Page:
Yes, I have been obsessed. But for good reason. I truly believe the man is a phenomenal storyteller and a lyrical genius. But, based on the content of “Mr. Morale & the Big Steppers,” Lamar would be ashamed of me and my infatuation with his music. 

While Lamar’s recent release pales in comparison to earlier releases like “good kid, m.A.A.d city” and “DAMN.”, the content of this album is unique in that it is not only a deep reflection on the faults within his career, but it also addresses the darkness of his childhood and his life now as a father. 

The album opens with “United In Grief,” where Lamar discloses that he has “been going through something” and that we should “be afraid.”

This is not a warning to be taken lightly, because Lamar then uses every subsequent word on the album to express the thoughts and feelings he has internalized regarding social, political and personal issues over the past five years. Nothing is safe from Lamar as he covers topics such as the COVID-19 pandemic, transgender rights, his daddy issues and domestic disputes.

Most notably, “We Cry Together” left me and every other listener jaw-dropped upon first listening. 

Despite being dubbed the greatest rapper of all time by many, Lamar seems to remove that crown and smash it into a million pieces on this album. The album art even depicts Lamar wearing a crown made of twisted thorns, which is reminiscent of the one worn by Jesus Christ when he was crucified.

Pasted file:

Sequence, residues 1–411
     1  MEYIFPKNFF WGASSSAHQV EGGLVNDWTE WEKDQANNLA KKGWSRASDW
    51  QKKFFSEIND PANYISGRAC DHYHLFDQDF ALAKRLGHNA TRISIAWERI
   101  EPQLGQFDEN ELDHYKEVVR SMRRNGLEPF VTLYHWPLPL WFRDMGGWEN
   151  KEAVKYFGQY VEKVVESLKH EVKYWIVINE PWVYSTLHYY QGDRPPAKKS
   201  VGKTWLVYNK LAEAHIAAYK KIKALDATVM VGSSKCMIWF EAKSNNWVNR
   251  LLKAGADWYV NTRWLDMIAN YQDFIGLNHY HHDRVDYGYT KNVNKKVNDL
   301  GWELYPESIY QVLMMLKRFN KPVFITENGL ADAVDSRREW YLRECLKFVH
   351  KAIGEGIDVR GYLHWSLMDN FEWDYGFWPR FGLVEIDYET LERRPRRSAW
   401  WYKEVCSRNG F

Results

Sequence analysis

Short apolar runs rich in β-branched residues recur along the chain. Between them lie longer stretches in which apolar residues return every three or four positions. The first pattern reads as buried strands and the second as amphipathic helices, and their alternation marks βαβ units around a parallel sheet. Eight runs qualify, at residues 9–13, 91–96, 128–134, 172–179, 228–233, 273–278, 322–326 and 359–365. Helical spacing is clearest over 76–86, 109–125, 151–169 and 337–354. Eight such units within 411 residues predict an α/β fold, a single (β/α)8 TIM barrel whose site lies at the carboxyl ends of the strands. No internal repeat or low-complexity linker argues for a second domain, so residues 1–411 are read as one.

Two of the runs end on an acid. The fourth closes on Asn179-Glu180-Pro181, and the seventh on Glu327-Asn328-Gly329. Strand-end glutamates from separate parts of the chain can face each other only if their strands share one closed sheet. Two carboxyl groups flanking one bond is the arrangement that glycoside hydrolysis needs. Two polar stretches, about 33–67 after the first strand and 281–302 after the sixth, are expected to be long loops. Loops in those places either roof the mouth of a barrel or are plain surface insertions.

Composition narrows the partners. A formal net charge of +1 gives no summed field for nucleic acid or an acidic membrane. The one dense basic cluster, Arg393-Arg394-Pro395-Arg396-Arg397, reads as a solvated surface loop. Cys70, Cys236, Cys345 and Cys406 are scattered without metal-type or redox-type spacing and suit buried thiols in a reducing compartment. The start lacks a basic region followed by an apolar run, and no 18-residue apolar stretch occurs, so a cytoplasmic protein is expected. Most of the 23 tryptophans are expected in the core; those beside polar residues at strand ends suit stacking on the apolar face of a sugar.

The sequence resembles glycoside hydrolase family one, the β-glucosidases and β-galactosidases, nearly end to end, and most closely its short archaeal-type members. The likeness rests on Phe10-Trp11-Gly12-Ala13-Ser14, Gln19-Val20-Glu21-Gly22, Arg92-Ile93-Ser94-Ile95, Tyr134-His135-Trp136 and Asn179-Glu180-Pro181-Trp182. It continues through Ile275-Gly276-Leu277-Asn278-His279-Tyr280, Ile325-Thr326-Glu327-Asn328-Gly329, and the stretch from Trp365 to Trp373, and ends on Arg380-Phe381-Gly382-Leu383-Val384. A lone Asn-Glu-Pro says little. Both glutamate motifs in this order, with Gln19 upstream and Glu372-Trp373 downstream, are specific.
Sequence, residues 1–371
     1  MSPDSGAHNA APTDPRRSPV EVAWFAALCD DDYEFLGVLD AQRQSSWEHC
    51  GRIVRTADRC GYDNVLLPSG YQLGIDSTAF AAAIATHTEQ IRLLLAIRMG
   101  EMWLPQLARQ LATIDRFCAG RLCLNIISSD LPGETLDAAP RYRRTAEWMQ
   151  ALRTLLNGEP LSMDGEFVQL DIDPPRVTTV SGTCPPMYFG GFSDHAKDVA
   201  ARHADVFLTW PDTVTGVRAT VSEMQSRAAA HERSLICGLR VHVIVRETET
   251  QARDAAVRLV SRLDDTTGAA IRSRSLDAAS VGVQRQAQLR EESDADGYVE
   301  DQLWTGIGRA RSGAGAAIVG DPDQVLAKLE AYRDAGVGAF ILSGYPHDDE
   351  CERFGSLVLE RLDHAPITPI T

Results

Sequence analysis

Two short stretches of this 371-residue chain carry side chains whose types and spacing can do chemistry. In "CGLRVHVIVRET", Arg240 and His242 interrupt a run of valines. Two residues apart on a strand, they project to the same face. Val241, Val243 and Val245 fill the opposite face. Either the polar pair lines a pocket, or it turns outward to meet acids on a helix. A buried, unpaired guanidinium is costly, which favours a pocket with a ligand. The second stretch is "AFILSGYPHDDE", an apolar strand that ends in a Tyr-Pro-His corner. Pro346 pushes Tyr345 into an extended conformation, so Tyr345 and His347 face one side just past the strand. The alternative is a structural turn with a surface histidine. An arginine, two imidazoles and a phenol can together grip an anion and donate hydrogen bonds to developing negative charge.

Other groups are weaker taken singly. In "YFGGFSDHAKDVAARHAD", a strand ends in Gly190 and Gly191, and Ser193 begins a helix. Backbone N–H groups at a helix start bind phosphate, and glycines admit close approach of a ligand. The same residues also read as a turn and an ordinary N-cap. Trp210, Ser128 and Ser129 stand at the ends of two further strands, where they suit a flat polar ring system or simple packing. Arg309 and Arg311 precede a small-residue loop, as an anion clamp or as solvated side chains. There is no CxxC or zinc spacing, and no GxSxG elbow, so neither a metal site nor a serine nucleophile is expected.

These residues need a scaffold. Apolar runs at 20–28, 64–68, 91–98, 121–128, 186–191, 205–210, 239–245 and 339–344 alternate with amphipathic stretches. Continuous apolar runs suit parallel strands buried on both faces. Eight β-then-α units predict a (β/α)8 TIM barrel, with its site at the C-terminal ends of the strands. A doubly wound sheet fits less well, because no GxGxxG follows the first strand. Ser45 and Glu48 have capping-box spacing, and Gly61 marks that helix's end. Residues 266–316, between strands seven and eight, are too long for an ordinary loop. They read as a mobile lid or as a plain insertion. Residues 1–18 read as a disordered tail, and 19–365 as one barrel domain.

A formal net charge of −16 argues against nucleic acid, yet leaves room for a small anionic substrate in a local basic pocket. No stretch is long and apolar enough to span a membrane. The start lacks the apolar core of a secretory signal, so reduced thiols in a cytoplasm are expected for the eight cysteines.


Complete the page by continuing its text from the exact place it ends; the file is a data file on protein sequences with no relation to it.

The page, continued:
This dethroning is a notable shift for Lamar, considering he proclaimed himself to be a king on “To Pimp a Butterfly” — his 2015 album and magnum opus. But just like all of his other albums, “Mr. Morale & the Big Steppers” displays a level of honesty that is unparalleled in comparison to other musicians. 

Perhaps that is why I enjoy his music so much.


  1. “Harry’s House” by Harry Styles

The moment all of the fangirls have been waiting three long years for… the release of Harry Styles’ third studio album as a solo artist, “Harry’s House”.

I would be lying if I said I did not cry outside of my place of employment while I listened to the album for the first time, but do you blame me? The album is literally a collection of the cutest love songs I have ever heard.

I like to refer to “Harry’s House” as a homage to love. Not only does Styles proclaim his love to his significant other on this album, but he also expresses a deep love for things such as drinking wine, eating breakfast and driving aimlessly.

While the tone of the album dramatically shifts at times, creating a great balance of upbeat dance music to heart-wrenching ballads — “Matilda” still makes me cry — what I find to be most brilliant is how poetic its lyrics are. 

When studying lyrics, I have found that musicians most often will write in complete or near-complete sentences. This is not a bad thing, for it creates a sense of storytelling that may be essential to the overall theme of an album.

However, Styles does quite the opposite on this album. He instead chooses to employ a writing style that uses one to three words in completing a single idea. This technique is best illustrated in “Keep Driving,” which opens with Styles singing: “Black and white film camera, yellow sunglasses, ashtray, swimming pool, hot wax, jump off the roof.”